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Take Aways from SANS Log Management Summit

Sat, 15 Jul 2006 15:30:04 GMT

It was a fascinating week at the SANS Log Management Summit. We heard from many different users who shared their experiences and lessons learned from log management efforts. Allen Paller did a great job of facilitating and moderating each session and keeping the discussions on track.

We also heard from a number of the key players in the log management and SE/IM space. It was evident that each vendor has produced some loyal customers some of whom came to the summit and shared their success stories. That was useful because it helped zero in on the verticals and company sizes where each vendor is strong.

Playing well with others

Log management is not a pure security effort and the smart IT security officer will work with others especially IT operations, compliance and legal teams to ensure the project gets funded, maximizes value, enhances legal recourse against bad guys and doesn’t introduce new legal risks associated with privacy.

To justify the expense of a top shelf log management solution you have to realize that log management is Security, Operations and Compliance folks from all three areas need to support and pay for the project.

“Legal is your friend”

One user stressed that statement and explained that legal can help justify your project in terms of enhanced legal recourse and that legal can help you with regard to the fast changing laws and judicial precedents regarding custody of evidence and privacy.

The legal landscape is very dynamic right now and varies widely from one government to the next. You’ll be surprised in some jurisdictions what is considered personal information – even IP addresses! It pays to find a law firm familiar with the current laws in each region of the world where you do business.

IT Security and IT Operations

A common thread to many presentations was that Log Management is key to security but also to operational excellence and that a successful log management implementation allows operations staff to leverage the wealth of information in logs to better manage their systems and plan. One user said that it’s best politically and business value proposition to view IT Ops as the owner of the log data from their respective systems and IT Security as the custodian of that data.

A key challenge to allowing IT Ops to reap their value points from a central log management solution is ensuring the integrity of the log database and limiting each operations/administration team to viewing information related to their own systems and not others. A number of vendors said they are responding to this requirement with role based access control (RBAC) features.

It also pays off from a security standpoint to have operations staff looking at reports and dashboards based on security logs because these people understand their systems and what’s normal better than IT security staff who are often more generalist.

OK, I’ve got my logs all in one place, now what do I do with the data?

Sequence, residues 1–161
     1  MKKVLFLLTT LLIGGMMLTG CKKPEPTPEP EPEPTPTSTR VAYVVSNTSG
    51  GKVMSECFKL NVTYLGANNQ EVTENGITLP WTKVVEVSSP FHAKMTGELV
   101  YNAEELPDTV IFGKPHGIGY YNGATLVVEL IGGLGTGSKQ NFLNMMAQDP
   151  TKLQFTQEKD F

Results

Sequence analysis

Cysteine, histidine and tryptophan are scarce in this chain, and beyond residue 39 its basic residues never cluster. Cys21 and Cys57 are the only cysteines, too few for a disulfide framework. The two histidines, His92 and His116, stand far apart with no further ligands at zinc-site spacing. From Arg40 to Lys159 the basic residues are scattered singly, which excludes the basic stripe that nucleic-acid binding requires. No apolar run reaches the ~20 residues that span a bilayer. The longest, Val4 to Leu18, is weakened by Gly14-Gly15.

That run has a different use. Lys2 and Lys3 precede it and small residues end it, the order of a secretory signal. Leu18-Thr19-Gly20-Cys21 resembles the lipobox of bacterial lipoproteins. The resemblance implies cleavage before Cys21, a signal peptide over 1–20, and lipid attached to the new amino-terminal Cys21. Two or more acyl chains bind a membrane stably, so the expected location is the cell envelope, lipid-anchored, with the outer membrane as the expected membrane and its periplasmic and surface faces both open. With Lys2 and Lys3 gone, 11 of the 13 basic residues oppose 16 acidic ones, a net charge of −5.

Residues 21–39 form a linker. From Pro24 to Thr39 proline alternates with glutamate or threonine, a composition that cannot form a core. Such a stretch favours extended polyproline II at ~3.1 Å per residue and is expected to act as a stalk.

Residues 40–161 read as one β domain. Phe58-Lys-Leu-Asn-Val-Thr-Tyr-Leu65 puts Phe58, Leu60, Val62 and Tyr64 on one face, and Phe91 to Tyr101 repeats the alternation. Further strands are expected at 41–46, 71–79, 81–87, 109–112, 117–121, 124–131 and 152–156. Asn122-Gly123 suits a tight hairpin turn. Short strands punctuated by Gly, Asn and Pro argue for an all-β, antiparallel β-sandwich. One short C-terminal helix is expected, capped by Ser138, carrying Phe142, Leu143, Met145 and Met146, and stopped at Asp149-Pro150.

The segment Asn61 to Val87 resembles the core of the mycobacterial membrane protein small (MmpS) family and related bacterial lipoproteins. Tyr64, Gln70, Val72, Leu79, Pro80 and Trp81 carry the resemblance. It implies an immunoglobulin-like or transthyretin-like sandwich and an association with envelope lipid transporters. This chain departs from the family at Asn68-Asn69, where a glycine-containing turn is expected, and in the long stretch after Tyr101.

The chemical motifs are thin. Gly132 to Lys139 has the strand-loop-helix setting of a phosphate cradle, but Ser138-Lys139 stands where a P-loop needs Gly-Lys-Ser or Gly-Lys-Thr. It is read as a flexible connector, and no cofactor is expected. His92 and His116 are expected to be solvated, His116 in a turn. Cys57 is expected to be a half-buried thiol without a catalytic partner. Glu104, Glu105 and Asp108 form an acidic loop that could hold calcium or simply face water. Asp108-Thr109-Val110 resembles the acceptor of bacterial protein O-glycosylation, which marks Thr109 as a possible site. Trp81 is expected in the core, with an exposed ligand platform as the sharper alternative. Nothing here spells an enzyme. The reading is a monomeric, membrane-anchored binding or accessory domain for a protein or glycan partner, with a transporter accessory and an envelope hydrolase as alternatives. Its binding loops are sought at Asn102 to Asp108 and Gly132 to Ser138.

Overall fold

Many users said it’s important to clearly identify what you want to accomplish with log management and which systems to start with – don’t bite off everything at once. (Seems obvious with so many logs on so many systems it’s easy to lose site of the forest for the trees.)

Vendors also stressed that you need to “know your systems” so that you can design reports, alerts and dashboards that digest the arcane and esoterica of logs into real information. In fact one vendor said they view their role as a facilitator for consultants like me with subject matter expertise to help customers build intelligence into their log management solution. I’m happy to consult but I must say that I take issue with that attitude in so far as it relates to the log management space and user community.

By the overloaded field of log management products out there it’s evident that the industry can build a tool that collects and consolidate logs and provide rudimentary query builders.

But the next step in providing value and opportunity for distinguishing themselves is for vendors to build more intelligence into the product for common sources of log data so that users can stop re-inventing the wheel. Many users have complained to me that they’ve had to pay their vendor’s professional services division to learn their systems and build reports and alerts only to have the vendor add them to subsequent releases of the product. This results in existing customers funding the development of new features for future customers.

One vendor admitted they are a mile wide but an inch deep. This vendor is ramping up a project strengthen their product in this area. At Monterey Technology Group, Inc. we want to help log management vendors and their customers stop reinventing the wheel and get more return on investment. You’ll be hearing more our project code named Rosetta in the near future and I believe it will be come a distinguishing feature when evaluating offers in the log management space.

Celebrate and Advertise Success

I’ll sign off with one last thought that a user shared which is a good tip for ensuring management and your overall organization recognize the value of log management and to keep funding the effort when budgets get tight.

He expressed that log management can be a never ending project since there are always more devices, systems, databases and applications coming on board that generate log data. An executive who paid for a large part of the project asked one day when they were going to be done and get the ROI.

He realized then that they should have been alert and regular in advertising and celebrating successes along the way because there had been many but they’d just kept moving on with implementation and had neglected internal PR.

So after you put all that work into log management, make sure you communicate the benefits.

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